For Sam Rosenthal, the best part of building a house out of cards is the pile it leaves after it falls. “The cards remain intact amidst the disorder, waiting for an architect to make them stand again,” he tells The Verge. It’s in this that Rosenthal sees a metaphor, one that corresponds to his life at the time he was moving to a new city and job, out of his regular comforts—parts of him began to crumble and so he needed to rebuild them.
This perspective gave Rosenthal a new approach, perhaps a solution, to a videogame he had started piecing together while a student at University of Southern California. Inspired by Radiohead’s song “House of Cards,” Rosenthal crafted the beginnings of Where Cards Fall, a game that involves breaking down houses of cards that you can then reconstruct in different ways. The idea is for this process to tie in to a coming-of-age story “about the wistfulness of adolescence, and the way important, sometimes devastating events can impact your life,” according to The Verge. But Rosenthal had initially struggled to make the connection between the in-game interactions and the story until he more closely lived through the type of experience it was about.
Now those houses made of cards serve difference functions in the game: as homes for characters, as platforms to traverse, as places to visit, and more. You’ll need to rebuild the houses in order to balance the needs and ambitions of different characters as well as your own. This could involve “building dreams in a lake or solving puzzles with skyscrapers,” so says Rosenthal, who has used his years thinking on the project to discover different ways to make use of the game’s central conceit. Establishing this connection was also helped along by Rosenthal having worked at Giant Sparrow a studio that thinks a lot about merging storytelling with interactions as proven in the paint-splatting adventure The Unfinished Swan (2012), and the upcoming What Remains of Edith Finch—a surreal videogame comprising a collection of short stories about a cursed family.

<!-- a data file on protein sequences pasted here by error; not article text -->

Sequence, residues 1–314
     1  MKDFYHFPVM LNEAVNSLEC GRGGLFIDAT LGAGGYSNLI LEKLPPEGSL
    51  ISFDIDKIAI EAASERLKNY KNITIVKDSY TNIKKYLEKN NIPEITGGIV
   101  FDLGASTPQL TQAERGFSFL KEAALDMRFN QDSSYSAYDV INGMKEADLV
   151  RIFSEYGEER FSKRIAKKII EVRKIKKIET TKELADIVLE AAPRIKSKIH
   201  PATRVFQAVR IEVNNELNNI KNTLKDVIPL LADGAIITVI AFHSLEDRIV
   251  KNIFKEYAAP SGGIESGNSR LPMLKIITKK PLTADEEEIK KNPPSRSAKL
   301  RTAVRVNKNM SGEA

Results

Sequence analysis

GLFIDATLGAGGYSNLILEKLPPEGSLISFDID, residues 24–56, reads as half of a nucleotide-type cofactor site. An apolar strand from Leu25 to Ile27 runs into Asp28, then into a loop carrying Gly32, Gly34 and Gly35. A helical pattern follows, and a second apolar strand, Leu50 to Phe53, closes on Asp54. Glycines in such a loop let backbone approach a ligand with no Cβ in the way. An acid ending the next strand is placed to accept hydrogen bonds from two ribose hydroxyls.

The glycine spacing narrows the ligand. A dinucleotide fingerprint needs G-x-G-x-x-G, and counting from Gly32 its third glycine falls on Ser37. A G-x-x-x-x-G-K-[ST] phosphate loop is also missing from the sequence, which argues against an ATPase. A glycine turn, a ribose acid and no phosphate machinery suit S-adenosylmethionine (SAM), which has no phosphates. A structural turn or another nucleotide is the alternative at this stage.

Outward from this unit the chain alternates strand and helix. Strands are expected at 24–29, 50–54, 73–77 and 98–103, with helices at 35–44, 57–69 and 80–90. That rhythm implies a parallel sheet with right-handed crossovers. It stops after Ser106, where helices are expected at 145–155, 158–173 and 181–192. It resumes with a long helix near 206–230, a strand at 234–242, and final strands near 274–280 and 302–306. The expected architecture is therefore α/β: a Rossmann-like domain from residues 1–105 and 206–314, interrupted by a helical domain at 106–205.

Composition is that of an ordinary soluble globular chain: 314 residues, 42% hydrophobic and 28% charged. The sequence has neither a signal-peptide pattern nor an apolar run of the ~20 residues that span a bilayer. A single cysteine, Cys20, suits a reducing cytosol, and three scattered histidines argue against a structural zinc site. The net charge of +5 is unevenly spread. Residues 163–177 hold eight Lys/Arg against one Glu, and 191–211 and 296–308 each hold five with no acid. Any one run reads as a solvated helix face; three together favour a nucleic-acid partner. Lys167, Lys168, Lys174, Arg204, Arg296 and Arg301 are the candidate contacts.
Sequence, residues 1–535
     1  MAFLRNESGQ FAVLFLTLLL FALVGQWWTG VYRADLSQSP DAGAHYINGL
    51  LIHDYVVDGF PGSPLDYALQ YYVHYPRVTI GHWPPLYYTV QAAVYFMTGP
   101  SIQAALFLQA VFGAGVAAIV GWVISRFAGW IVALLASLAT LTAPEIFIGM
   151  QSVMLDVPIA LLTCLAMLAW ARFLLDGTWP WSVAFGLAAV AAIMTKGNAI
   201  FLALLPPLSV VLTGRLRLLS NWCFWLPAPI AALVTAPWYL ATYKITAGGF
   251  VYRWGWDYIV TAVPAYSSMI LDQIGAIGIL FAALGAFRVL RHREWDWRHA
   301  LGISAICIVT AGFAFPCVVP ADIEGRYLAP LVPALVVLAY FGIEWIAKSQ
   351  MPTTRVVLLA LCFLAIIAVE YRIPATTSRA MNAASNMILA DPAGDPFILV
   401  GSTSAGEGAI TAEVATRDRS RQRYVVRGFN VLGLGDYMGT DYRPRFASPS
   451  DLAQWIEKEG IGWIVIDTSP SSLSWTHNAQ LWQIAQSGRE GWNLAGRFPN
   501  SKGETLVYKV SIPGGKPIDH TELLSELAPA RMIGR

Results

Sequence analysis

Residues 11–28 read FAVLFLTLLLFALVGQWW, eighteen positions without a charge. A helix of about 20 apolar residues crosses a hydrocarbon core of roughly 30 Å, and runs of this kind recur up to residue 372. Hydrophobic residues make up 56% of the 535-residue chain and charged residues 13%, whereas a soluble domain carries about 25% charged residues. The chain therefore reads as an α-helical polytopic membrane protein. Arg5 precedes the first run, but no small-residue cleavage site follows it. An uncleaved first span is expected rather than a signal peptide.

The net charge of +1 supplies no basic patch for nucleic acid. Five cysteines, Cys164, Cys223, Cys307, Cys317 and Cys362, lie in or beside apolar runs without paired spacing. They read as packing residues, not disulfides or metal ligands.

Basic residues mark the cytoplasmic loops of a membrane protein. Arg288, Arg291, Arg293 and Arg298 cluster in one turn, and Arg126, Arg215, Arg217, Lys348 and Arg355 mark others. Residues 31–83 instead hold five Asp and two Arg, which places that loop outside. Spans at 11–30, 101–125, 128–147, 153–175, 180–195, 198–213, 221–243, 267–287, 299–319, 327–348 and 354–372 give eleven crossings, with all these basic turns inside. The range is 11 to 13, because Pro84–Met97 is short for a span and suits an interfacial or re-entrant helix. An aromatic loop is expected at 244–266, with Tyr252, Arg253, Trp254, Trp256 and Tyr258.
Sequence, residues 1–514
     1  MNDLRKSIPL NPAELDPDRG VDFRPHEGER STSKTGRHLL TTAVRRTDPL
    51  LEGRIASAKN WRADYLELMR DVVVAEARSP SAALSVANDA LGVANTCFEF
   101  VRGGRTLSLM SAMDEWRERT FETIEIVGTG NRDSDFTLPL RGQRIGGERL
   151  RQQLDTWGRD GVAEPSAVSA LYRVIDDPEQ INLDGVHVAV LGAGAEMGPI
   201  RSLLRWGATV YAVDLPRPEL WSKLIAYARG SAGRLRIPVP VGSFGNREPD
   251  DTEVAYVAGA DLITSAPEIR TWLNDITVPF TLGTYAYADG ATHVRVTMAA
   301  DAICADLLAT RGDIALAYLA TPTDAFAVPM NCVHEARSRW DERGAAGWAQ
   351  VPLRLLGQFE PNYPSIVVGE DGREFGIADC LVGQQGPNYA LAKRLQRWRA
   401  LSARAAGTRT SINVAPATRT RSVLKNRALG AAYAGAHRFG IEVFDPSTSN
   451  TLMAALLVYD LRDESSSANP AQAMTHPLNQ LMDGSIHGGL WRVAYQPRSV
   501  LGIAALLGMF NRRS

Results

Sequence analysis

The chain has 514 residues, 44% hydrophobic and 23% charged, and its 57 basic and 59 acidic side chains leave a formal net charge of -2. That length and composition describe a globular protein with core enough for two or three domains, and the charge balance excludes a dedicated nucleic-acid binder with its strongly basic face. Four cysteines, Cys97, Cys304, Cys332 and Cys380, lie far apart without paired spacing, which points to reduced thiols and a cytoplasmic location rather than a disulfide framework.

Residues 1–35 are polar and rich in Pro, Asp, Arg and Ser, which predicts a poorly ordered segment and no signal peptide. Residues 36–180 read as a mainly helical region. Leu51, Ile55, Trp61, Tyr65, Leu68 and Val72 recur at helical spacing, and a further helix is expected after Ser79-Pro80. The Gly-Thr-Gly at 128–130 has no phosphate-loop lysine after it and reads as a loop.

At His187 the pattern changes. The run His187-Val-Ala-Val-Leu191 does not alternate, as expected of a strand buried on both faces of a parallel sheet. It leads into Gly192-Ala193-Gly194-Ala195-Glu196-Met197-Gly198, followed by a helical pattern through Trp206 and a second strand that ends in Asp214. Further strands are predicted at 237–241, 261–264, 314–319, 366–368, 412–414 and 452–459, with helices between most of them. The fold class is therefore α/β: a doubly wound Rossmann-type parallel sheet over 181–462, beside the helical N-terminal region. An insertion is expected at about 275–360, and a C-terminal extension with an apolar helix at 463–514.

But getting all this down has only been one step of many towards getting Where Cards Fall to the place it needs to be. Hence Rosenthal and his studio The Game Band teamed up with Ryan Cash and his studio Built By Snowman, who last year released the gorgeous snowboarding game Alto’s Adventure. The two studio leads met in 2013 and had, back then, shared the individual projects that they were each working on. Cash knew right away that he wanted to work on Where Cards Fall and so, with Alto’s Adventure finished, he and his team have been working on it full-time since last year.
Though conceptually different, the similarities between Where Cards Fall and Alto’s Adventure include a flat look that is used to emphasize beauty and a complementing soundscape. And so the two teams have been able to tweak this for maximum effect, aiming for it to “feel like a bittersweet memory of adolescence.” The other big parallel running across both games is the audience they’re trying to reach, it being one that appreciates approachability and a focus on compelling art and music. Built By Snowman has helped towards reducing the need for game literacy in Where Cards Fall and guiding players smoothly between ideas so that they don’t become overwhelmed. A process that, you might say, is akin to slowly stacking cards on top of another to form a solid structure that doesn’t suddenly topple.
You can look out for updates regarding Where Cards Fall on its website. No platforms or release date have been announced yet.